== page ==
WATCH: ‘Partygate’ distracting ministers from “real issues”, Ashworth says

Katie Neame

Jonathan Ashworth has warned that ‘partygate’ is “taking up all the energy and focus of ministers” and distracting from the “real issues” that the government should be focusing on.

In a Sky News interview this morning, the Shadow Work and Pensions Secretary strongly criticised Grant Shapps for focusing on defending Boris Johnson rather than the potential rail strike, which unions have said could be the “biggest rail strike in modern history”.

Ashworth said the Transport Secretary should be “moving heaven and earth to help the unions and management come to an agreed negotiated settlement”, adding: “But again, Grant Shapps is touring the studios, going ‘It’s not a party, there isn’t any problem’.

“Again, this just shows you how Boris Johnson’s rule-breaking and lying is taking up all the energy and focus of ministers when there are real issues out there, and Grant Shapps should be focusing on that, not be being sent out as the sort of safe pairs of hands, minister for the broadcast round, in order to defend Boris Johnson’s lying.”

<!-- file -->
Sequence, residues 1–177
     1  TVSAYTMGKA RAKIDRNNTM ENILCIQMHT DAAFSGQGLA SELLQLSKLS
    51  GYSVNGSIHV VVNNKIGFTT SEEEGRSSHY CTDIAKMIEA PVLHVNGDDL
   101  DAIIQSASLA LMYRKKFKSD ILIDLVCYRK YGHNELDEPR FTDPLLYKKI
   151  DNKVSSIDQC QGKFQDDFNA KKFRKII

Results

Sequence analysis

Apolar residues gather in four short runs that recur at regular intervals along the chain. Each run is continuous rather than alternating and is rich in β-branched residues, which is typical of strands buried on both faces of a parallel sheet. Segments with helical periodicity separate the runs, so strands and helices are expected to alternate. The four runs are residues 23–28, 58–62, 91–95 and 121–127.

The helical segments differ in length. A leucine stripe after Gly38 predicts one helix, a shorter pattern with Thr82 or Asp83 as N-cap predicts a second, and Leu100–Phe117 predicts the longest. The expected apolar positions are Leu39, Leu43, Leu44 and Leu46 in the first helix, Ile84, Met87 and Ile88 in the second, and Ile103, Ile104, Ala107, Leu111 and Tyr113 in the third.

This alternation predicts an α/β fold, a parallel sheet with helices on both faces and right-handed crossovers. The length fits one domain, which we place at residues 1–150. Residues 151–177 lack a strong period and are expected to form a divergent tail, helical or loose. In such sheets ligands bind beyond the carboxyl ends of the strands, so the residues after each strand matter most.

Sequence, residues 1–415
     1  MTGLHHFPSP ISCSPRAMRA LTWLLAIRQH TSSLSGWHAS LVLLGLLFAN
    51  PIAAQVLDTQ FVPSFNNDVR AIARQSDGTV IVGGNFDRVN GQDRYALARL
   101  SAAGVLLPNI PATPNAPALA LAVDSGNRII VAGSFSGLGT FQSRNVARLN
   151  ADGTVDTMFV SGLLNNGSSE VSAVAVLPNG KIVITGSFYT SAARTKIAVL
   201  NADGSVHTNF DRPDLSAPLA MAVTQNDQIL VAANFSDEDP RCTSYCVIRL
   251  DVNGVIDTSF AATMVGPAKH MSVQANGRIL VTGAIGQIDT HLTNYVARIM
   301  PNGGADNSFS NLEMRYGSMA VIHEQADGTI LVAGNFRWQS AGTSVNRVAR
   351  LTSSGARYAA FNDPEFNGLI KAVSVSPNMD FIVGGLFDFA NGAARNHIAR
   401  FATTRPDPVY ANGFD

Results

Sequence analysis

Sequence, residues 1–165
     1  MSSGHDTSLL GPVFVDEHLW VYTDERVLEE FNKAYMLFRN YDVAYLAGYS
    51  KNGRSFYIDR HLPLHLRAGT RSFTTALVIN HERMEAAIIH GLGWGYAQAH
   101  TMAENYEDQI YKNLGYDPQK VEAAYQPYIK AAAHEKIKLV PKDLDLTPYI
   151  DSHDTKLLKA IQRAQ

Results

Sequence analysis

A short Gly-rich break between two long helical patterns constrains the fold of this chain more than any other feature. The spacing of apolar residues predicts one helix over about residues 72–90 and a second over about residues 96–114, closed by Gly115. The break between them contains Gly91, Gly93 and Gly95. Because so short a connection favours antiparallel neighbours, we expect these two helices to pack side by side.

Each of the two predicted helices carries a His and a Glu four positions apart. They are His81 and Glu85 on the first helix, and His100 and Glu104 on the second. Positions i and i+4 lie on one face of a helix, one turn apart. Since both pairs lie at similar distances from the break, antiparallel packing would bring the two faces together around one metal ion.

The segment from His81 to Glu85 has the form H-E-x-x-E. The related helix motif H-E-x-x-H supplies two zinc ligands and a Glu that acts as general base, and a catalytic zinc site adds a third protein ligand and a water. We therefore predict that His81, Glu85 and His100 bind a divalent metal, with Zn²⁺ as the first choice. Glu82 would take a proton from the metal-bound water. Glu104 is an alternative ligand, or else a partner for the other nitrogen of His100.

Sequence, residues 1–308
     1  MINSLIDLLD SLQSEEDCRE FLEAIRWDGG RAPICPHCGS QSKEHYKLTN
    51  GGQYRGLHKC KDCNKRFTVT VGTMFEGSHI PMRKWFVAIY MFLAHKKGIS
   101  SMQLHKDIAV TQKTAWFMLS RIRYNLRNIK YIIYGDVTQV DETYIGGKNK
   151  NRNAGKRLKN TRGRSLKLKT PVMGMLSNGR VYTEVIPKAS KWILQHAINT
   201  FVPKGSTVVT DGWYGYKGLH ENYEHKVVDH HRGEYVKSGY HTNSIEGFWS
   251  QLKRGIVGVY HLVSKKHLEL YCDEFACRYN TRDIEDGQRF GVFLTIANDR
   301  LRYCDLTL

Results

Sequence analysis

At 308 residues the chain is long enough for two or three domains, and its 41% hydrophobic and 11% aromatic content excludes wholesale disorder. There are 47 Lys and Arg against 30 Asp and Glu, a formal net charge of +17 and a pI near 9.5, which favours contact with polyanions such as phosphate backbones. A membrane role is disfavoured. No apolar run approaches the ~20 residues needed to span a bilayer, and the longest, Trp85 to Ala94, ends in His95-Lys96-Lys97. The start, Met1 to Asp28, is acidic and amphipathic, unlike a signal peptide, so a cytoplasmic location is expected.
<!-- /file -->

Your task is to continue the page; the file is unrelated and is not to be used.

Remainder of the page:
Asked what he would say to unions this morning about the potential strike, Ashworth said: “I would say to management and unions, let’s negotiate a deal. Let’s give a fair pay rise to workers – but let’s get a deal.

“Because a strike is always a sign of failure, nobody wants to see strikes and actually by the way, workers only ever go on strike at the very very last resort. They don’t want to go on strike, that impacts them and their families, so they want to see a negotiated deal.”

The Labour frontbencher added: “It’s incumbent on ministers to bring both sides together and get a deal hammered out, and they’ve still time to do it. The minister could do that – that’s what he should be focused on today, not touring the studios to defend Boris Johnson’s lying.”

The transport union RMT is currently balloting its 40,000 members on strike action over pay, compulsory redundancies and safety concerns. The vote is scheduled to close today.

Contingency plans are reportedly being discussed to ensure passenger and freight trains continue running and supermarket shelves remain stocked.

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